Pullback in China stocks: Investors fear deeper slump

Bloomberg September 10 | Updated on September 10, 2020

Overseas investors offloaded Chinese equities for the first time in five months in August

Two months into China’s fastest stock rally in years, and the days of making easy money are ending.

Turnover is tumbling, and investors are rotating out of consumer shares that have been among their favourite bets this year and into cyclicals. Overseas investors offloaded Chinese equities for the first time in five months in August, and the sales have accelerated this month. The tech-heavy ChiNext Index breached a pair of technical levels that have held since July.

Those factors combined with fears about a selloff in the US have shaved more than 4 pre cent off the CSI 300 Index since it hit a five-year high nearly two months ago. The ChiNext, which has beaten major global gauges this year, has surrendered almost one-third of its gains largely on investor concern that a flood of new listings will drain liquidity from existing shares with inflated valuations. Both measures rebounded Thursday, adding 1.1 per cent.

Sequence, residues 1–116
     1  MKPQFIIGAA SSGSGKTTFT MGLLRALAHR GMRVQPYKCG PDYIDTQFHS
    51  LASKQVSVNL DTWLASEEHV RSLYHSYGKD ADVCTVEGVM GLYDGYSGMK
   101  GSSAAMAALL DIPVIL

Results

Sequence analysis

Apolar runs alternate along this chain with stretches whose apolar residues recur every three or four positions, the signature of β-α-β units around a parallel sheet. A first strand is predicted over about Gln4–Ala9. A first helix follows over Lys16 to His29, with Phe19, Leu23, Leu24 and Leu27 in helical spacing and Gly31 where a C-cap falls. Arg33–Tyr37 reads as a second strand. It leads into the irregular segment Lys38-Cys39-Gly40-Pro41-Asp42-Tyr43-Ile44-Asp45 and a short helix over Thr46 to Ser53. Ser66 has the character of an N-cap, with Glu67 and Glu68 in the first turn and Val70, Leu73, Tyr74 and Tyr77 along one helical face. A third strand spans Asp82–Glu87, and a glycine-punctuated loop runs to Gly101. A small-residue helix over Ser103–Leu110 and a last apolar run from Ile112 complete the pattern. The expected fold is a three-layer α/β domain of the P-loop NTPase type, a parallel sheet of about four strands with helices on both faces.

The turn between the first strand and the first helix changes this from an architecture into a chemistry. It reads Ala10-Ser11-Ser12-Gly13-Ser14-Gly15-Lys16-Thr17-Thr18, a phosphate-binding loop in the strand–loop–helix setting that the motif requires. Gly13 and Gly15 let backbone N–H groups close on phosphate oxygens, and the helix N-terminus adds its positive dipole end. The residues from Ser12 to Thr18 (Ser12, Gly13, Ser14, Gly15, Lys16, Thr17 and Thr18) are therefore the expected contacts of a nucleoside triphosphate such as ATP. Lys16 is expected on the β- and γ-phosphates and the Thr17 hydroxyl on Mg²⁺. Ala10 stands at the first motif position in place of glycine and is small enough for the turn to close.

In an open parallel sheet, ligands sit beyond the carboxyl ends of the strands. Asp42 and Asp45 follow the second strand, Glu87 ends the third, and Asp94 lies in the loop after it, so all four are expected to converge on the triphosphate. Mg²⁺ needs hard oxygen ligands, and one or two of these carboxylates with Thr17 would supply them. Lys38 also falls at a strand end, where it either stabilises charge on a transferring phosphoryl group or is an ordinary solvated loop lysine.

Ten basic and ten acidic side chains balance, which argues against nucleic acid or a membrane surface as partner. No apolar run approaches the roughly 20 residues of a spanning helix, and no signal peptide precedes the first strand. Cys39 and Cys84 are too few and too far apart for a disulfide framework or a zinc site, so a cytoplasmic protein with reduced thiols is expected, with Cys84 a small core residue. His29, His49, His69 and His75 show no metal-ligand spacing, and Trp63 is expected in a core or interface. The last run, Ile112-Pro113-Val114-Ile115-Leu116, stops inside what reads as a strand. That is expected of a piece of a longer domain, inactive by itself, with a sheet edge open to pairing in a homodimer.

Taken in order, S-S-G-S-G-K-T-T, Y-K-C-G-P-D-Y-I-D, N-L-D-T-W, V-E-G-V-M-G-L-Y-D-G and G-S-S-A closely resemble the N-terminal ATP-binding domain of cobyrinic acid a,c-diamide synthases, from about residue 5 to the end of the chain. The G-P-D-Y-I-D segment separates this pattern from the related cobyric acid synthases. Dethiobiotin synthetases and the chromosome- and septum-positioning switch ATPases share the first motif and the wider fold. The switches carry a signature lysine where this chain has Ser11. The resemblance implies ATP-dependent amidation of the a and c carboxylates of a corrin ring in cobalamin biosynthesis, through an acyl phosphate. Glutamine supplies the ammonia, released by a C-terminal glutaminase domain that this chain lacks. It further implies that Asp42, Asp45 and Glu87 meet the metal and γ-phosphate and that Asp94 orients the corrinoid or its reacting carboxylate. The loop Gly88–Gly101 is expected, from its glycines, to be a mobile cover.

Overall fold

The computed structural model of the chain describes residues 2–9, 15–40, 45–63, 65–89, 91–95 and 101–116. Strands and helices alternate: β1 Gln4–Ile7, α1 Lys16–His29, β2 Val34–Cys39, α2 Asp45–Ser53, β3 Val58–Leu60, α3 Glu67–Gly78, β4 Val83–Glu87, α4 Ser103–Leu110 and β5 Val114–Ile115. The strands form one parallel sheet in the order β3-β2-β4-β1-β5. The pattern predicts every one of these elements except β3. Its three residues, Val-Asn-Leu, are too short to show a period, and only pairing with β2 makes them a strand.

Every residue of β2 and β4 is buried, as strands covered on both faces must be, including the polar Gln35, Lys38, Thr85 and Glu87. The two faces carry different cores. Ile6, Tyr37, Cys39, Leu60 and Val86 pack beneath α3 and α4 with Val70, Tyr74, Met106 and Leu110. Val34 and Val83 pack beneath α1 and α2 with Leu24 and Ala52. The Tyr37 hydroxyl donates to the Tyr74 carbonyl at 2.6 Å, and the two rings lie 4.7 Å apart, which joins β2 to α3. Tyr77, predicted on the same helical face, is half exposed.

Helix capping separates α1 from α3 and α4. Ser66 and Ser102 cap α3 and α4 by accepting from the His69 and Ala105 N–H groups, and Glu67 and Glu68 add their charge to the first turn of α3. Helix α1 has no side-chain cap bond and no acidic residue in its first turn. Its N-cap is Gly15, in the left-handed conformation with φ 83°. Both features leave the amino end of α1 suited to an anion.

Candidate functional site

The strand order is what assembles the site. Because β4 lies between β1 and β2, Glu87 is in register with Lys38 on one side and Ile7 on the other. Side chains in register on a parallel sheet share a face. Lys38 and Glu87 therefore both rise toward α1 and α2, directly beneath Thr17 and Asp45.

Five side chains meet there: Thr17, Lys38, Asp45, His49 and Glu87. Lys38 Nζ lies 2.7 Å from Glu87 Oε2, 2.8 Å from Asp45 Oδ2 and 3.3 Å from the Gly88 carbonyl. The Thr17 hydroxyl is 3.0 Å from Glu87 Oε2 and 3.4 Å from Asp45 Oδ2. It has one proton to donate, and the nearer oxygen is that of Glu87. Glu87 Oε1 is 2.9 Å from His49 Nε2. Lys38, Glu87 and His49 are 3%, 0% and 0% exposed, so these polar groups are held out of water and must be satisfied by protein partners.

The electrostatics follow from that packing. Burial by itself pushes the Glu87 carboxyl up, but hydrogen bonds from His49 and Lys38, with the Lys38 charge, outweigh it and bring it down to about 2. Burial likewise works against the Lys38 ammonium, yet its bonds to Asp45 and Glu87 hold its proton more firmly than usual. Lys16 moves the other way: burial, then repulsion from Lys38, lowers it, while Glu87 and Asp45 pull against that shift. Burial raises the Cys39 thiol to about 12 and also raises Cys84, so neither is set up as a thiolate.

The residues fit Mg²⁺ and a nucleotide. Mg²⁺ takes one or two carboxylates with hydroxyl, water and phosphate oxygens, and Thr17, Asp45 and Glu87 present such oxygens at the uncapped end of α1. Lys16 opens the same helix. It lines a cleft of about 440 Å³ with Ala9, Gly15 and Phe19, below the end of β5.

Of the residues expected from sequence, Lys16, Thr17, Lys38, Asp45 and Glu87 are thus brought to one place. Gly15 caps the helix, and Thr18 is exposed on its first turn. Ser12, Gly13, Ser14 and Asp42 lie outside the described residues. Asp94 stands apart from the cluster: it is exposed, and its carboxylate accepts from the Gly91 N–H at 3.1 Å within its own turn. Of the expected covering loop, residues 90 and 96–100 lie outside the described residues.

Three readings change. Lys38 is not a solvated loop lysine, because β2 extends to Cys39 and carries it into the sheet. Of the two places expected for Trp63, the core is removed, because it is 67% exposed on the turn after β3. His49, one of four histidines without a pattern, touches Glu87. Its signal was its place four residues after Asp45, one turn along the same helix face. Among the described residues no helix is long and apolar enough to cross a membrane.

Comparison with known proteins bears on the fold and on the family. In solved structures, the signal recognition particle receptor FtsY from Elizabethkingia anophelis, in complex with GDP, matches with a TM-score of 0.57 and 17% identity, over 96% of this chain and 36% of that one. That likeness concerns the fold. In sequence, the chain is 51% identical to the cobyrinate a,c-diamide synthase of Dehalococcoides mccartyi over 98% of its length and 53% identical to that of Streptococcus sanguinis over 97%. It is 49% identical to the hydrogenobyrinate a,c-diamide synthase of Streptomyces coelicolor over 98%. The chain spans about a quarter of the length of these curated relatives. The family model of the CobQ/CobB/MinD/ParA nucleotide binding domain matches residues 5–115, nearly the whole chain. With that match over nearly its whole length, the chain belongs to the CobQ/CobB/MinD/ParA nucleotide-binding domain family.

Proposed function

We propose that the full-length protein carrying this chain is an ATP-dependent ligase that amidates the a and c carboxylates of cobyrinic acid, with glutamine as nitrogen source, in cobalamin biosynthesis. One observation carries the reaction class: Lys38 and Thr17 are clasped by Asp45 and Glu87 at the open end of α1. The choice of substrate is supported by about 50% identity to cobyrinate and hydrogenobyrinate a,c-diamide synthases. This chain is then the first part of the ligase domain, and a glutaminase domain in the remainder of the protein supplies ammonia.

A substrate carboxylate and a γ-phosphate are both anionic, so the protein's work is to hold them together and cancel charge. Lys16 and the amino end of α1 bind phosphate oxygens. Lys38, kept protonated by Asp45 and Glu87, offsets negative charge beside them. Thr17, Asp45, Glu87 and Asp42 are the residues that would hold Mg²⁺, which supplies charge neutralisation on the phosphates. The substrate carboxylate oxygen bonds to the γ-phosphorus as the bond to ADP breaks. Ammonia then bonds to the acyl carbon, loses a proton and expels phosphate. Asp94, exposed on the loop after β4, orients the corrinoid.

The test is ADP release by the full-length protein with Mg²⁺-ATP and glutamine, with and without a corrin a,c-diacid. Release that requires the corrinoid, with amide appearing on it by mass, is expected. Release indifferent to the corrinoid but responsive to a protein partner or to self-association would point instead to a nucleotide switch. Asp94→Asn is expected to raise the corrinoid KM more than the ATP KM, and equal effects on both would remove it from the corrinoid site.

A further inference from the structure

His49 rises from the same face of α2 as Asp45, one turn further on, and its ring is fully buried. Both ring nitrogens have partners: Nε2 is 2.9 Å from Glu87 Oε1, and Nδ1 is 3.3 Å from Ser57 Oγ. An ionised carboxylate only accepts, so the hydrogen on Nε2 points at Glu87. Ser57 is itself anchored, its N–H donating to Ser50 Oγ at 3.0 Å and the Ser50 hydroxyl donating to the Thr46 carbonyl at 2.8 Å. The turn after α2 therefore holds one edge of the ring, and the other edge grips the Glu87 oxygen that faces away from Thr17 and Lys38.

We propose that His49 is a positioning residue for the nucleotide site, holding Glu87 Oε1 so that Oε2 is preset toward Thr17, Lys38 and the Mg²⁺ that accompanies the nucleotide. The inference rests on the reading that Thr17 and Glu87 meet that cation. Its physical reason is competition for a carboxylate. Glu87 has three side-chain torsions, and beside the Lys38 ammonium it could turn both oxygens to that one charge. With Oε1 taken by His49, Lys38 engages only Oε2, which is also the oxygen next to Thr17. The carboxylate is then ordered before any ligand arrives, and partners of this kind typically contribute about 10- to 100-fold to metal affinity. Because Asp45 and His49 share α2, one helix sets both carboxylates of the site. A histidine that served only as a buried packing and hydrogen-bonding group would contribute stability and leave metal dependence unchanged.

“Turnover and liquidity conditions are not aligning in the best place for the market right now,” said Shen Zhengyang, an analyst at Northeast Securities Co. Were halfway through a correction.

Here are four charts that show the recent pullback in China stocks.

Turnover has tumbled since July, when it hit the highest since the peak of the stock bubble in 2015. The daily average for September has dropped to 908 billion yuan ($133 billion), 28 per cent lower than it was two months ago.

The ChiNexts 4.8 per cent slide on Wednesday was the biggest in more than six weeks and raised red flags for traders guided by technical charts. The drop was a clear breach of the 2,600 level that had held for two months and of the 23.6 per cent Fibonacci retracement line connecting the years intra-day high and low.

Investors are fleeing one of their favourite trades of the year: consumer staples. A measure of those shares tumbled 8.8 per cent over the five sessions to Wednesday, the most in almost six months.

Chinese stocks with dual listings are about 42 per cent more expensive on the mainland than in Hong Kong, near the highest level in years. The Shanghai gauge slid after the premium soared in 2015 and again in 2018.

Published on September 10, 2020

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